Cottage Culture




How to make the most of your outdoor space

How To Make The Most Of Your Outdoor Space


As we start to see and feel hints of spring in the air, I know I begin to dream of living outdoors again, as do many in our beautiful Southwestern Ontario, I’m sure! And we’re not alone, as reports indicate that in 2023, outdoors is the new indoors! Is there anything nicer that sitting outside with friends on a warm summer evening? Or perhaps you’re recalling a wonderful outdoor long-table feast in an orchard or olive grove in a far-flung destination during a special vacation? And now we’re dreaming of recreating that warmth and ambience in our own environment!


Our outdoor environments are becoming increasingly important to us and the line between indoors and outdoors is blurring, especially as architects and designers are both renovating, and building new homes, with multiple patio/terrace doors to create seamless living between indoors and out. What used to be a simple patio now becomes an extra living room where life unfolds: we relax, cook and socialize throughout the day and long into our wonderful summer evenings and well into our gorgeous autumns.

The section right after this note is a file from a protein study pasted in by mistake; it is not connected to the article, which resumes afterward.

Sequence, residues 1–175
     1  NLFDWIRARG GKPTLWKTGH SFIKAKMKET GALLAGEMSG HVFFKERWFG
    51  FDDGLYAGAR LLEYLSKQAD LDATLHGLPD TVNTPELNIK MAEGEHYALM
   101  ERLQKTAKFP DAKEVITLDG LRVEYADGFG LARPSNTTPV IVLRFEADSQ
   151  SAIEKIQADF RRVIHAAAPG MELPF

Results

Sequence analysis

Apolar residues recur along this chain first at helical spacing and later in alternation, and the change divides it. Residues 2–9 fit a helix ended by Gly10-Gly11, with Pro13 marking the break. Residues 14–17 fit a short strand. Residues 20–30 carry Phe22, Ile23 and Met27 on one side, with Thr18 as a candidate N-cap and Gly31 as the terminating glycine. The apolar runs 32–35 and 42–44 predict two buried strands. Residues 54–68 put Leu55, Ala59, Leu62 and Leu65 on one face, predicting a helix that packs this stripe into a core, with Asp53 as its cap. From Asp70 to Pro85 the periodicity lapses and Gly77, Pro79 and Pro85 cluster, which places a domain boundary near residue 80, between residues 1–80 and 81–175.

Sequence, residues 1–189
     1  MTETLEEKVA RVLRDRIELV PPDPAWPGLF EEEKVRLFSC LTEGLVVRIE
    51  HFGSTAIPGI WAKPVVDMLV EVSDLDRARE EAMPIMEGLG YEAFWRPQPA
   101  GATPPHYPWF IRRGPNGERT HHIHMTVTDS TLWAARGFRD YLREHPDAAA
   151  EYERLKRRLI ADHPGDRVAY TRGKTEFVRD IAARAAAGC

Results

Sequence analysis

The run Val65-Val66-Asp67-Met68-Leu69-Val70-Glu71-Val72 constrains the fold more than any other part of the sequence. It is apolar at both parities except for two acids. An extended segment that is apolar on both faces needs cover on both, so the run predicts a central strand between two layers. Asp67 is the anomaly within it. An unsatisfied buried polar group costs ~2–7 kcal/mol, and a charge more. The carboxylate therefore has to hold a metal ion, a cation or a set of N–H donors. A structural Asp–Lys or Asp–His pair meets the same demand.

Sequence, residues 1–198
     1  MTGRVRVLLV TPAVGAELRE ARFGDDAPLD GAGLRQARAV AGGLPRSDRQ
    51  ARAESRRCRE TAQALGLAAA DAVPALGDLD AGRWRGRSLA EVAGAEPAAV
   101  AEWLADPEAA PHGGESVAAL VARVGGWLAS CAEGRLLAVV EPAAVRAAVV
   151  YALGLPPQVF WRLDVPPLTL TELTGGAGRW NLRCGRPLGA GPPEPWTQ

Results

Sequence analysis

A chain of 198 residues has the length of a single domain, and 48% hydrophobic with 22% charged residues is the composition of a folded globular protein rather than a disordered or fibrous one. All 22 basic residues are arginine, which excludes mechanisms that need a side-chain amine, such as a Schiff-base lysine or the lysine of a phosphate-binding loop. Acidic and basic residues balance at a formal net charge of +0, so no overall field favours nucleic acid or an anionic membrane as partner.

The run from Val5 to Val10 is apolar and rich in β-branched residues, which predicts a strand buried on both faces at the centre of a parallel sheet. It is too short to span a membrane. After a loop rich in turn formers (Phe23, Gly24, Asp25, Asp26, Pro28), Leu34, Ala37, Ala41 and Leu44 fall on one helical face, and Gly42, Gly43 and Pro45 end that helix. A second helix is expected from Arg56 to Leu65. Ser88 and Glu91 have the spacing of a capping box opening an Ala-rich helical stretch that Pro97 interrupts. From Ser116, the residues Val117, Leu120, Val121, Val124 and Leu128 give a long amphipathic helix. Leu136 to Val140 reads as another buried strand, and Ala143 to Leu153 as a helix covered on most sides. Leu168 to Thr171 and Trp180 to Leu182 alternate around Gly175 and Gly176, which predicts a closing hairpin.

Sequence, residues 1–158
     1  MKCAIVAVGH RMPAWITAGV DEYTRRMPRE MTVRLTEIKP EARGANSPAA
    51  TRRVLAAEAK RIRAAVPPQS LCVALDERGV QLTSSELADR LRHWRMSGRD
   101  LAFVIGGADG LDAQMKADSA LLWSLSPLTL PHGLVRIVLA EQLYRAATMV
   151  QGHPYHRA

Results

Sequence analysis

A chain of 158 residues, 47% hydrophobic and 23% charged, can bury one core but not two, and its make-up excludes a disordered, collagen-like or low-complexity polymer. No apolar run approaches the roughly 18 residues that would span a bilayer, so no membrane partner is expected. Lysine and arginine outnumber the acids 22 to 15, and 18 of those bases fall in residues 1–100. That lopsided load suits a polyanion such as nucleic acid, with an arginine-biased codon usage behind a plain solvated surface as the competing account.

Never before have we enjoyed our outdoors spaces as much as in recent years. Most of us have been spending a lot more time at home, so it has become even more important of late that we can truly enjoy it. During the pandemic we had to find new ways to meet and socialize, and had moved many activities that we used to do indoors to gardens, courtyards and patios. However, this is a trend that started even before the pandemic. I don’t know about your choices, but this idea of being outdoors in nice weather started for me many, many years ago, in a different job. I had to put in extra time on weekends and would choose to sit at my outdoor table, working on the computer, just so that I might enjoy the warmer temperatures, with the sun shining and enjoying the sounds and scents of late spring. And the desire to move our indoor spaces outdoors – outdoor homing – has only grown stronger, increasing post-pandemic. More and more people are creating patios that extend the season and become an extra room that can be used even when it’s raining or windy.